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3.3/5

The Mask of Anarchy Updated Edition: The Destruction of Liberia and the Religious Dimension of an African Civil War by Stephen Ellis

Liberia has been one of Africa's most violent trouble spots. In 1990, when thousands of teenage fighters, including young men wearing women's clothing and bizarre objects of decoration, laid siege to the capital, the world took notice. Since then Liberia has been through devastating civil upheaval. What began as a civil conflict, has spread to other West African nations. Es Liberia has been one of Africa's most violent trouble spots. In 1990, when thousands of teenage fighters, including young men wearing women's clothing and bizarre objects of decoration, laid siege to the capital, the world took notice. Since then Liberia has been through devastating civil upheaval. What began as a civil conflict, has spread to other West African nations. Eschewing popular stereotypes and simple explanations, Stephen Ellis traces the history of the civil war that has blighted Liberia in recent years and looks at its political, ethnic and cultural roots. He focuses on the role religion and ritual have played in shaping and intensifying this brutal war. In this edition, with a new preface by the author, Ellis provides a current picture of Liberia and details how much of the same problems still exist.

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3.6/5

Beyond the Mango Tree by Amy Bronwen Zemser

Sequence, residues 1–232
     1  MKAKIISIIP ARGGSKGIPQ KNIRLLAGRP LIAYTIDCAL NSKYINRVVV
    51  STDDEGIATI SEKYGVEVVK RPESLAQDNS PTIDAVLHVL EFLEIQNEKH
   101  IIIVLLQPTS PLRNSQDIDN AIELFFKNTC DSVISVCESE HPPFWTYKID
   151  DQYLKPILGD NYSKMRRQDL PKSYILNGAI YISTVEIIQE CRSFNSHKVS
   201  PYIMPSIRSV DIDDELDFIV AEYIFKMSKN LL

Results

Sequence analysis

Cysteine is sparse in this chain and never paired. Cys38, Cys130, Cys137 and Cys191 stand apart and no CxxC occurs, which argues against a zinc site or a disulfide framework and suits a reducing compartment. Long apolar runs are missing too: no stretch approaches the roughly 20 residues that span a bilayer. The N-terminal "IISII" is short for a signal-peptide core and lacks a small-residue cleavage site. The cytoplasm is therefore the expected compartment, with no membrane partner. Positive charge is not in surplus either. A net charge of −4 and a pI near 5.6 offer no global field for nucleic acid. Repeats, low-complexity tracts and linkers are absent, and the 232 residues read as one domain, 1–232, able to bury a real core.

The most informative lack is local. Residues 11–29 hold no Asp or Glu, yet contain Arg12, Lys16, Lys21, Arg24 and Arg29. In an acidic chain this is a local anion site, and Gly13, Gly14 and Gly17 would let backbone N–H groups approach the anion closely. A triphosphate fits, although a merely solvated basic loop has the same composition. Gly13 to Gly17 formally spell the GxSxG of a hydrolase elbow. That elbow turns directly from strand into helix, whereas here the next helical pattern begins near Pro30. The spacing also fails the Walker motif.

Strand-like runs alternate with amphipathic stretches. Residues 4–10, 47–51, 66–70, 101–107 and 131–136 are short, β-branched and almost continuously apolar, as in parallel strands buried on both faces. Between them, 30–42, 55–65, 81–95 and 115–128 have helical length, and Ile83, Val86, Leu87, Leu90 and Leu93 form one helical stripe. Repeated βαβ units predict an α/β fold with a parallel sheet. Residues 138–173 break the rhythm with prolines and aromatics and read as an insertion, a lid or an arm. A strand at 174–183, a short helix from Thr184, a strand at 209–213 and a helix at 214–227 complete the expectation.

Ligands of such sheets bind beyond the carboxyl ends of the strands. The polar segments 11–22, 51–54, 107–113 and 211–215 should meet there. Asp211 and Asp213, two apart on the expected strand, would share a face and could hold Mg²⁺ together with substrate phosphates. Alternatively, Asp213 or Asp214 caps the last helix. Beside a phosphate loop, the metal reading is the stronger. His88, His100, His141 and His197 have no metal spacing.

I am here, in the rain, tied to the mango tree. The water leve rises, above my naked feet, past my ankles. I wait ... It has been this way since Sarina's family moved to Liberia from Boston eight months ago. Her mother ties her to the mango tree in their front yard, terrified of losing her. It's never for long, and Sarina knows her mother doesn't mean to hurt her. But thing I am here, in the rain, tied to the mango tree. The water leve rises, above my naked feet, past my ankles. I wait ... It has been this way since Sarina's family moved to Liberia from Boston eight months ago. Her mother ties her to the mango tree in their front yard, terrified of losing her. It's never for long, and Sarina knows her mother doesn't mean to hurt her. But things just seem to get harder the longer her family stays in this country so far from home. On good days, when Sarina's mother is feeling better, she sets her daughter free. On bad days, Sarina dangles her feet in the puddles and mud until dusk, waiting for someone to rescue her, wishing for the one thing her mother fears most: a friend. Then one day Sarina meets Boima, a Liberian boy, and he becomes Sarina's cherished secret. He takes her to places outside her dirty yard, and shows her the ocean, the trees, and the people of Liberia. Together they discover what friendship really means ... and that there is a world of joy, hunger, and hope waiting just beyond the mango tree. 2000-2001 Georgia's Picture Storybook Award & Georgia's Children's Book Award Masterlist